Category Archives: Open Space

ACTION AT LAST – OPENING UP THE CAULFIELD RACECOURSE

Four years on from the Auditor General’s report we finally see some real action on the opening up of the Caulfield Racecourse.

Within 5 years,  training facilities (tracks and stabling), located on the Reserve’s Crown Land, will be removed and the huge centre of the reserve opened up for public recreation and park usage.

As always information is scant and there are loads of major questions re what this actually means for public usage (staged implementation, development and funding of facilities) vs. those areas of Reserve to be leased for 65 years ( leasing arrangements ie areas, lease fees, terms and conditions).

A huge break, though how huge remains to be seen.  Unfortunately there are many public $’s being directed to Racing, rather than public usage, and another 65 years (up from 21 years) before any “next” break through.

MEDIA RELEASE  

Monday, 22 October 2018

INVESTING IN WORLD-CLASS RACING FACILITIES

The Andrews Labor Government is building new infrastructure and creating hundreds of new jobs at the Cranbourne Training Complex and Pakenham Racing Clubs as part of a major boost for racing in Victoria.

Minister for Racing Martin Pakula today announced a $17.5 million investment to create new facilities at both the Cranbourne Training Complex and Pakenham Racing Club as part of a $40.1 million joint funding package.

Thoroughbred training at the Caulfield Racecourse Reserve will be relocated over the next five years, to open up the reserve for greater public access and recreational use.

The Labor Government will invest more than $6 million at the Cranbourne Training Complex for the construction of additional stabling, an inside grass track, an equine pool and tunnel upgrades to accommodate additional horses.

More than $8 million will also go to the Pakenham Racing club for new stabling, new uphill grass and synthetic tracks and an additional equine pool. The project will accommodate an additional 600 horse boxes and create up to 200 new jobs during construction, with a total economic impact estimated to be more than $250 million.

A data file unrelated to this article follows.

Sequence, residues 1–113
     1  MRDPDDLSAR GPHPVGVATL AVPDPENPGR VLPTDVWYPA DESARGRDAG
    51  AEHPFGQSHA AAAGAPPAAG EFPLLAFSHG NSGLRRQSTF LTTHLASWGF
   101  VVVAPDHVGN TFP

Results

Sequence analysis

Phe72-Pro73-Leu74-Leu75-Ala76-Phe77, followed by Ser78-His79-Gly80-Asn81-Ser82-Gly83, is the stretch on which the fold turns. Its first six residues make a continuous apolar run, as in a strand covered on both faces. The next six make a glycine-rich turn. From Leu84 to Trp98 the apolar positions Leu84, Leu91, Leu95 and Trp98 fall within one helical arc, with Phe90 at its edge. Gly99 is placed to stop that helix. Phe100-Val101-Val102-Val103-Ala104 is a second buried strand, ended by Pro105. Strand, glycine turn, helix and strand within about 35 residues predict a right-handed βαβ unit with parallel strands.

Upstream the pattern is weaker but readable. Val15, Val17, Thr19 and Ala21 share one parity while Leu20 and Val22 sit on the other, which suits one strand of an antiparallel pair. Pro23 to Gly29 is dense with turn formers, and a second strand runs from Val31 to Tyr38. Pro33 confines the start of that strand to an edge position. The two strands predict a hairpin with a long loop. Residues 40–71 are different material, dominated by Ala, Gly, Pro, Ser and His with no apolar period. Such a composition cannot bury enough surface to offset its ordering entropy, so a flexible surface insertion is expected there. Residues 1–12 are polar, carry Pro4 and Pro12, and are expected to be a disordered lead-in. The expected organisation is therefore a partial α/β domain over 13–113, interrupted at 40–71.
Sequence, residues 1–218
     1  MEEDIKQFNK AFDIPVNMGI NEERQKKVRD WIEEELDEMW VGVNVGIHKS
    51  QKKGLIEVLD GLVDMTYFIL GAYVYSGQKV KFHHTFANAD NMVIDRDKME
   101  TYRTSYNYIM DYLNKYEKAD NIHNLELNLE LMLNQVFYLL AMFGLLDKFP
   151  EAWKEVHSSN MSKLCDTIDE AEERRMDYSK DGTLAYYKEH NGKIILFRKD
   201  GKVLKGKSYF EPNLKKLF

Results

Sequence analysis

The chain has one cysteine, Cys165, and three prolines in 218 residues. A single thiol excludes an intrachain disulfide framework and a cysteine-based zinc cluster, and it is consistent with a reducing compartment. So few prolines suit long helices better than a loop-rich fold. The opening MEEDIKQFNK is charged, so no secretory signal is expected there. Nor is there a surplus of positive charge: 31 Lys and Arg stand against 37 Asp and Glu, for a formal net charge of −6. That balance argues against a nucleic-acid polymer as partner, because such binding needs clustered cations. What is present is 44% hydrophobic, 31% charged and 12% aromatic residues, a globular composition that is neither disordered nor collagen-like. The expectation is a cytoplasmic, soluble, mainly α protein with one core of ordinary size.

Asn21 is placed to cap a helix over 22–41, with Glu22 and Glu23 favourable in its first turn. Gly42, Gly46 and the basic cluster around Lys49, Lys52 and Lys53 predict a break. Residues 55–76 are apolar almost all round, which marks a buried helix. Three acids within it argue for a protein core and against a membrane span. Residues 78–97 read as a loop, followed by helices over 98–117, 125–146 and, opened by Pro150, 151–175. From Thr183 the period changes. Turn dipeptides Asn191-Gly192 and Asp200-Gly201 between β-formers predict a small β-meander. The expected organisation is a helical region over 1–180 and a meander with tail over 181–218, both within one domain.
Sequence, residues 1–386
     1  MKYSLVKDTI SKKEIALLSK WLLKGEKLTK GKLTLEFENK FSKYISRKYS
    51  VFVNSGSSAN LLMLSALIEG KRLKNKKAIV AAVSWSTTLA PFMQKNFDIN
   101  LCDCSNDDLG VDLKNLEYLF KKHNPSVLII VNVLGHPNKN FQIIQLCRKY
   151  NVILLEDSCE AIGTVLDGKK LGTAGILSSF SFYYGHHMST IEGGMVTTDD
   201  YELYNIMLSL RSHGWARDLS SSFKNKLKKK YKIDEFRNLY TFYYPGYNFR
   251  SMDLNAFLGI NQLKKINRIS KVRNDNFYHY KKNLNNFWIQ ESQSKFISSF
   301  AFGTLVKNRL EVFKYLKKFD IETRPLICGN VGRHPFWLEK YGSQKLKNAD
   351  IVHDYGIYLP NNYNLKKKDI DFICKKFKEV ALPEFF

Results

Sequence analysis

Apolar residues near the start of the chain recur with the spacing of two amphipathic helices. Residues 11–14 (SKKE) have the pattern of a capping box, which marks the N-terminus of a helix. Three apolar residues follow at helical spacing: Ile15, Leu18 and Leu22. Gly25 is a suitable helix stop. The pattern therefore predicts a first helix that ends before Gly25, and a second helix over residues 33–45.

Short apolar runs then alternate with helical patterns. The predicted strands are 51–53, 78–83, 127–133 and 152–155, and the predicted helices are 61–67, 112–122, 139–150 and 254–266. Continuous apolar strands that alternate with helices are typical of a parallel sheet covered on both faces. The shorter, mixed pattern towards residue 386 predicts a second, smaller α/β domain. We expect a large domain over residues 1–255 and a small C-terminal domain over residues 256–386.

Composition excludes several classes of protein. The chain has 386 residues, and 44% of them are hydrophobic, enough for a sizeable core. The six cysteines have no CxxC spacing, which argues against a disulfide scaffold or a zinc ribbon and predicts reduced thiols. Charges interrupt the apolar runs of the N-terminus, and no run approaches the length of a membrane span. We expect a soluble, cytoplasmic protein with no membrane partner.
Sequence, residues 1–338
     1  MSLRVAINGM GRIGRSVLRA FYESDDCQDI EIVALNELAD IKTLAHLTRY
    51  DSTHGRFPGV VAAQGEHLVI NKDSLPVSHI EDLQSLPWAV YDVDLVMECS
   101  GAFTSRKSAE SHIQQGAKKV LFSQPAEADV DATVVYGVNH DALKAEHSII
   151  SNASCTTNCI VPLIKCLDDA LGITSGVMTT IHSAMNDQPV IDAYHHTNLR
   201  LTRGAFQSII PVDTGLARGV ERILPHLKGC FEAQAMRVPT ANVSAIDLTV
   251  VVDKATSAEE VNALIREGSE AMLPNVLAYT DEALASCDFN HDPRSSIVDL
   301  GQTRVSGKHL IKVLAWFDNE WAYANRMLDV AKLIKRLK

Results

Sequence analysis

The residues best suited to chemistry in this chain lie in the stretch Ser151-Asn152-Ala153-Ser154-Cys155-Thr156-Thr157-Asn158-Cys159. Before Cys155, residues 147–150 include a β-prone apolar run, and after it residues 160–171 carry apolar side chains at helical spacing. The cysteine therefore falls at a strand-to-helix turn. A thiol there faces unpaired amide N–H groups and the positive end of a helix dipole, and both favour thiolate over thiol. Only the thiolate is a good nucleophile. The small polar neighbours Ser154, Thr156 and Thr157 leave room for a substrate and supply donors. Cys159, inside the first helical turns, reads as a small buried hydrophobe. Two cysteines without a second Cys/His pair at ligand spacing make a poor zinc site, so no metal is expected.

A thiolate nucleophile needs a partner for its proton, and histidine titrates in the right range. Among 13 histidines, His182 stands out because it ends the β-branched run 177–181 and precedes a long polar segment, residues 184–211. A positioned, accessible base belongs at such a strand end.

Racing Victoria and the Melbourne Racing Club will contribute $22.6 million towards the project. Works at both facilities will begin immediately, to help relocations which may begin from mid-2020. Trainers will have up to five years to relocate from their existing facilities at Caulfield Racecourse Reserve.

The Government has approved a long-term lease between Caulfield Racecourse Reserve Trust and the Melbourne Racing Club to increase recreational opportunities and secure horse racing at the reserve for another 65 years.

As part of this, the Government will provide an additional $1 million to support the Trust to develop a long-term land use plan for the site, to open up the space and balance the needs of residents, racing stakeholders and community groups.

The Trust will develop a three year corporate plan that will set out the strategic direction and management of the reserve in close consultation with the local community.

Quotes attributable to Minister for Racing Martin Pakula

“We’re investing in world-class facilities for the future at the Cranbourne Training Complex and Pakenham Racing Club to ensure that Victoria remains the premier racing state.”

“These new facilities will create hundreds of new jobs, provide a major economic boost for the racing industry and help ensure thoroughbred racing in Victoria keeps pace with international standards.”  

Quote attributable to Minister for Environment Lily D’Ambrosio

“Through our legislation and the new long-term lease, we’re delivering on our commitment to establish a strong future for a more accessible Caulfield Racecourse Reserve.”

 Quote attributable to Member for Cranbourne Jude Perera

“Thoroughbred racing is a vital part of our community and this major investment will provide local jobs and ensure these facilities remain world class for years to come.”

 

 

 

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MEET THE NEW TRUSTEES OF THE CAULFIELD RACECOURSE RESERVE

This posting serves as a reminder to those who were notified of the below Information Session and to extend the invitation to attend to others interested redressing Glen Eira and Stonnington’s chronic shortage of parkland and sporting facilities.

 

 BACKGROUND

As per the 2014 Auditor General’s Report, due to poor management of Reserve (the former Trust) and lack of oversight (by successive State Governments) has enabled its racing purpose to dominate the Reserve’s 54 hectares to the detriment of its public park and recreation purposes.

Current usage arrangements, have not changed from those outlined in the 2014 Report* and while the wheels of Government have moved slowly they have moved.  In September 2017, on the recommendation of a bipartisan working group legislation was introduced to

  • abolish the previous trust ( a Restrictive Trust) and establish a new trust framework, and
  • establish a transparent and modern governance model for the Reserve management.

 While it’s still “early days”,  the Information Session is the first step in a long process that gives the community an unprecedented opportunity for input into ensuring future Reserve usage recognizes and serves the needs of the community.

 INVITATION

The newly appointed (1st August, 2018) Trustees of the Caulfield Racecourse Reserve have committed to holding three to four community information sessions a year plus an annual public meeting to engage and be transparent with the community about the management of the reserve.

Below is an invitation to the first community information session to be held on 4 October 2018 at the Caulfield Racecourse Reserve.